What happens when a wayward cop goes unpunished for a blatant crime? Ask Sgt. Juan E. Mendez. Last month, a citizen oversight group considered the 92nd complaint filed against the Miami Police officer in his 25-year career.
Those complaints include 22 for excessive use of force, 22 for discourtesy, 20 for abusive treatment, and seven for missing property, according to city records. He's received seven official reprimands including punishments for crashing his cruiser and accidentally firing his gun. He's also killed four suspects on the job and cost Miami taxpayers hundreds of thousands of dollars in settlements. "Unusual and disturbing," says Janet McAliley, a member of the Civilian Investigative Panel (CIP), which hears complaints against cops.
Worst of all, Mendez's career could have ended more than two decades ago, when he was involved in a controversial brutality case. Back in May 1987, he was on patrol in Overtown when he spotted Alfred Lee in a parked car. It appeared he was rolling a joint. When Mendez approached, Lee protested that he was a cop. Mendez didn't believe him.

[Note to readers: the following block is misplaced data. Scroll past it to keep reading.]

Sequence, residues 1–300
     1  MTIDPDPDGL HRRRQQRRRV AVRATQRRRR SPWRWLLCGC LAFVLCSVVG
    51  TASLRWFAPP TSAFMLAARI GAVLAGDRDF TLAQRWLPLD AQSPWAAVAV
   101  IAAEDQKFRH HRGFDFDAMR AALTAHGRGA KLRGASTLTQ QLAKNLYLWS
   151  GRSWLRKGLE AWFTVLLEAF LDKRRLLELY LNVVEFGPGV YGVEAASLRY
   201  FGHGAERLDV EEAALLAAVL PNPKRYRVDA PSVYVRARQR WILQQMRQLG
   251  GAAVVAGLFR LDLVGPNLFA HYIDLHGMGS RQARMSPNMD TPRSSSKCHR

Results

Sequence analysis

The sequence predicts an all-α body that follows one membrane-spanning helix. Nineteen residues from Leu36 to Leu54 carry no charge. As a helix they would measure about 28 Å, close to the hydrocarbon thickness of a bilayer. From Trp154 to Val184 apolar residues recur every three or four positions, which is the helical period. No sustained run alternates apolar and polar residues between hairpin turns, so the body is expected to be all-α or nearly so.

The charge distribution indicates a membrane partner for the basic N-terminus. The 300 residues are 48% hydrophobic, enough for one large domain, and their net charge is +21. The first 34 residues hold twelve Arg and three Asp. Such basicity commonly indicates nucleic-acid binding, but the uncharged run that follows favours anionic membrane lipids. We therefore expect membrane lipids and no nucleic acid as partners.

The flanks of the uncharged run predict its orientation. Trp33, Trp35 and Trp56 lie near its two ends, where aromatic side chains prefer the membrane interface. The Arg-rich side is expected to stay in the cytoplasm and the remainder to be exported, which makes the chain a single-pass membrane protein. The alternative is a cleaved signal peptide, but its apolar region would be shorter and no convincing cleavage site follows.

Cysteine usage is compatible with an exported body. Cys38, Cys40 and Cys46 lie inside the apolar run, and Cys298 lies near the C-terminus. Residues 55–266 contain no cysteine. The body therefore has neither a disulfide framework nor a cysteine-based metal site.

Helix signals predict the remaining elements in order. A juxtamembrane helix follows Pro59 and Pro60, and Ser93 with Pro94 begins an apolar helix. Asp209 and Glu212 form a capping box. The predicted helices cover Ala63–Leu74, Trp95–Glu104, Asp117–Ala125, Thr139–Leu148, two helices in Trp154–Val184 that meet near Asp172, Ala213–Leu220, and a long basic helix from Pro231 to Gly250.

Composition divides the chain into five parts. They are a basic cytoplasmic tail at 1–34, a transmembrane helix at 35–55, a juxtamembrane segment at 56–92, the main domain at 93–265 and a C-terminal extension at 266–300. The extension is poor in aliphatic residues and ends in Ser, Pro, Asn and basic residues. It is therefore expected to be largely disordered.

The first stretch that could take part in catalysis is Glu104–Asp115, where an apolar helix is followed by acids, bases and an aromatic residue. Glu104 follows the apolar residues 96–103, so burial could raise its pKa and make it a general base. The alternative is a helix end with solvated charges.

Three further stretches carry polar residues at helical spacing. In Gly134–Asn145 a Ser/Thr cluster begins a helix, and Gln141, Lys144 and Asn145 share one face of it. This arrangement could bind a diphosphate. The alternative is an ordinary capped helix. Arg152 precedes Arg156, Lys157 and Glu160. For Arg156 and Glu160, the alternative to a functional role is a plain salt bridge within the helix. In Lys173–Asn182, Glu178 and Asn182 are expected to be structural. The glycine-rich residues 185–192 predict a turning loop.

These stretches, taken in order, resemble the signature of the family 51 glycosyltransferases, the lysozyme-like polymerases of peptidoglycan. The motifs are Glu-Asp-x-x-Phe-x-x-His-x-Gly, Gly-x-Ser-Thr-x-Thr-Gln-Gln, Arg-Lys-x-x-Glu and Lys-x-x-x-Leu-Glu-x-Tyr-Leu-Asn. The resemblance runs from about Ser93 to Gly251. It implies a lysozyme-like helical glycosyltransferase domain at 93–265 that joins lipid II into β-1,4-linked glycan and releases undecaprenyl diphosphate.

Lee hit the gas, eventually leading Miami, Hialeah, and Florida Highway Patrol officers on a wild chase. Eventually he crashed, jumped a wall near NW 27th Avenue and 62nd Street, and then was arrested. That's when things got ugly.
Mendez and other Miami officers beat Lee to a pulp, punching him in the face more than 20 times, kicking his body, and slapping him after he'd been handcuffed, according to five other cops on the scene.
Lee, who was black, was an off-duty 30-year-old Miami-Dade Police officer. Mendez and the other Miami cops who beat him were Hispanic and white. The racially charged case was hushed up and Mendez was cleared of wrongdoing even though an internal affairs panel recommended a lengthy suspension.
Twenty years later, his case file is littered with questionable incidents. He killed three suspects in cases that were all ruled justified. Then, on September 30, 1999, he pumped seven bullets at a 19-year-old carjacking suspect named Antonio Butler in Overtown, killing him instantly. Though hundreds of protesters called it "cold-blooded murder hiding behind a badge," police again cleared Mendez. That was a crummy decision. In 2006, the City of Miami paid Butler's family a $900,000 settlement.
This past June 16, the CIP heard the latest — a claim he damaged a cell phone during a February arrest outside a downtown nightclub. It was ruled inconclusive. Mendez is still on the job.
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